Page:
I don’t think its too outlandish to say its because of Ogier’s departure.
There may have been a possibility of Citroen remaining in WRC if they had managed to convince a top driver to take a seat.
But as it was, Citroen were unable to convince any notable drivers to stay or join, and that was the final nail in the coffin.
After all, without a top driver, you lack someone who can get most out of the car, lack feedback for development, lack someone for the team to get behind (less moral), and lack the clout when trying to lure sponsors.
As for how they got into this position. It looks like management is the cause. Despite a promising car there were some decisions that seemed odd.
Not taking advantage of VW’s exit, when you had the likes of Andreas Mikkelsen dropping to WRC2.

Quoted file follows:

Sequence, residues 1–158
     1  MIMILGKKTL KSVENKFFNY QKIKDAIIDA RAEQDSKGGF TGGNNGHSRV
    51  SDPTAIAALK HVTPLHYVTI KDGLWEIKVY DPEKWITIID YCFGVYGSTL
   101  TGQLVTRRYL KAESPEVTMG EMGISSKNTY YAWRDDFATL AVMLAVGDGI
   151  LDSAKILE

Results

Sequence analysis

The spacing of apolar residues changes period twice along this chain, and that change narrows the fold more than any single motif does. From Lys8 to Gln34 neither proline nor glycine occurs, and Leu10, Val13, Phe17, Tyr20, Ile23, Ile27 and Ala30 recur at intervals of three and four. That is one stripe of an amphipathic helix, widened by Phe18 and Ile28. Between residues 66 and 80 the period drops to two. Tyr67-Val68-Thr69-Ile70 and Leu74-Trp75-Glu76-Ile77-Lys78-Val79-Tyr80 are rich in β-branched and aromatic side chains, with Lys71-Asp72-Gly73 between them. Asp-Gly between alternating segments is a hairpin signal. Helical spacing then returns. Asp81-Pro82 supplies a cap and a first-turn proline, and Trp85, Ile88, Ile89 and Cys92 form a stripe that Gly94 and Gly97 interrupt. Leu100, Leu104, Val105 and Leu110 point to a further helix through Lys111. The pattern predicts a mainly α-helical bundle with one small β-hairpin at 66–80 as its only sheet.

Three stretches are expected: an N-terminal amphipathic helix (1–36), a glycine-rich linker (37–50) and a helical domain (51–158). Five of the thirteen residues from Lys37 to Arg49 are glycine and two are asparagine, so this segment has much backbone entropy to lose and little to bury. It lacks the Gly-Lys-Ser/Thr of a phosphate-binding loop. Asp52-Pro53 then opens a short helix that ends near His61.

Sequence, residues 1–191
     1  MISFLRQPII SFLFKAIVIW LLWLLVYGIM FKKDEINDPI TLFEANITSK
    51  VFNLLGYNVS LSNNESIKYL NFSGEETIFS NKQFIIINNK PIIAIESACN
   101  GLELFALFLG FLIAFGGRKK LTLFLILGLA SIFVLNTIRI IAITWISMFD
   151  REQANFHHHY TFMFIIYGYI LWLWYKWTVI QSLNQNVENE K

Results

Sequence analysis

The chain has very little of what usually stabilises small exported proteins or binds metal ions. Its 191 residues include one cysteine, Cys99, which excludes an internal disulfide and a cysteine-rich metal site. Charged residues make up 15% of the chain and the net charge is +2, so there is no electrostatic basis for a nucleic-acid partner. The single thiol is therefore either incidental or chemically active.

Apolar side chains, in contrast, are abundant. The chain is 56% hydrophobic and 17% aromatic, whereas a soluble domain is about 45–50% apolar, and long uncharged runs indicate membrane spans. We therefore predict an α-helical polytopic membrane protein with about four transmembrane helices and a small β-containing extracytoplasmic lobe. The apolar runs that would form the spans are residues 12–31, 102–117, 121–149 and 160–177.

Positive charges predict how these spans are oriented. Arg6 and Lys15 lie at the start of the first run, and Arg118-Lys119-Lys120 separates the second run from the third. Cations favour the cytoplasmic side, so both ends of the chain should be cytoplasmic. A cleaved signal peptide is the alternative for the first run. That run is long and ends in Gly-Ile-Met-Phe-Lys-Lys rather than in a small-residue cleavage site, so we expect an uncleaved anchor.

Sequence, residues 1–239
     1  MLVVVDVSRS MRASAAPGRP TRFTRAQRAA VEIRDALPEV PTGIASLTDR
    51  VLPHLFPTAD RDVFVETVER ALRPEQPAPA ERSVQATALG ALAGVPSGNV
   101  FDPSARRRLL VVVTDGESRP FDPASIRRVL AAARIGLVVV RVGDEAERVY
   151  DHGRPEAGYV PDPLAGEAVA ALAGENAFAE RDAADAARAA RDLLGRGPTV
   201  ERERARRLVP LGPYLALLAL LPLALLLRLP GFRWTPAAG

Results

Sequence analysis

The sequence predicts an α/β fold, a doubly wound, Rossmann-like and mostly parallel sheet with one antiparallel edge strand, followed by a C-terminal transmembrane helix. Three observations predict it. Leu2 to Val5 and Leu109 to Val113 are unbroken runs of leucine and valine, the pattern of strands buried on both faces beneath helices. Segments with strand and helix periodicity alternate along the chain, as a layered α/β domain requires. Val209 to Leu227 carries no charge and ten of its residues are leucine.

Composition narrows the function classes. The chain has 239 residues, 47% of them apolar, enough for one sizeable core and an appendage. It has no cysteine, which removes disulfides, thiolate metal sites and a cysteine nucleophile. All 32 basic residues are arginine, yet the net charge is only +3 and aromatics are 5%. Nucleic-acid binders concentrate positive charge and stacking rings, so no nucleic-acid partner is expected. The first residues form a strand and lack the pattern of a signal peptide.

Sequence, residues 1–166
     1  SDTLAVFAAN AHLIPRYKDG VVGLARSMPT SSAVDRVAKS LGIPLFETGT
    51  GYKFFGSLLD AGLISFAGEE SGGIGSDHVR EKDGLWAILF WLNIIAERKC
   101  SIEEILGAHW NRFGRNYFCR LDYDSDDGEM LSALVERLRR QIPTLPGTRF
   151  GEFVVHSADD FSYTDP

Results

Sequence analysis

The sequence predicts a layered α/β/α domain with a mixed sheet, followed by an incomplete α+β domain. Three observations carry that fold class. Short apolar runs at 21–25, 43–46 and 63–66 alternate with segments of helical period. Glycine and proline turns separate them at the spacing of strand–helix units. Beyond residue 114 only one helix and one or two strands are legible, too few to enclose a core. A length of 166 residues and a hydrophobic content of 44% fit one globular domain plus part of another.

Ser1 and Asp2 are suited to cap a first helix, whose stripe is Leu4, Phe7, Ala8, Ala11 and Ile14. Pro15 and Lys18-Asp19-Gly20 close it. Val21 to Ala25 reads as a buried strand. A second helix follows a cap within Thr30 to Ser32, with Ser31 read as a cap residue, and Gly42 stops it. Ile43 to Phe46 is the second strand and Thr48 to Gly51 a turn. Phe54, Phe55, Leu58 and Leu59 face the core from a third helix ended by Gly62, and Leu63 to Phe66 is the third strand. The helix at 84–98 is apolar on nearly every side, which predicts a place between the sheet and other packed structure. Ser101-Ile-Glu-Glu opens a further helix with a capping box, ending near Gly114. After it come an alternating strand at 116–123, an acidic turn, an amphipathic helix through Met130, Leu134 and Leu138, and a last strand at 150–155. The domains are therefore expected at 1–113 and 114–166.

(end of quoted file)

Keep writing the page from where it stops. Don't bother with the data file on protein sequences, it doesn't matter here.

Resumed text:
As for having Kris Meeke as the #1 driver… I really like the guy. I get he was part of the car’s development. And he’s fast. But… he’s not someone I’d put all my hopes on.
While someone who pushes all the time is great to watch; there are drivers who are just as fast, but with more composure, and finish rallies. And with that, I don’t think Kris needed the added weight of a manufacturer on his shoulders.
Then throughout the season, the continued swapping round of drivers made the team look like they were scrambling around.
Meanwhile Toyota appeared to enter with a far more stable footing. And had continued on to taking championships.
Citroen were unable to capitalize on VW’s exit, when others did. And now Hyundai/Toyota are the targets for drivers wanting to compete at the top. Leaving Citroen with the scraps. And that’s probably not how Citroen wants their team to be seen.
They’d be entering their 5th season, a point where they needed to be aiming for championships, and as it stood, that wasn’t possible. And with nothing on the horizon to signify any major change for them, they decided to leave, rather than just enter to make up the numbers.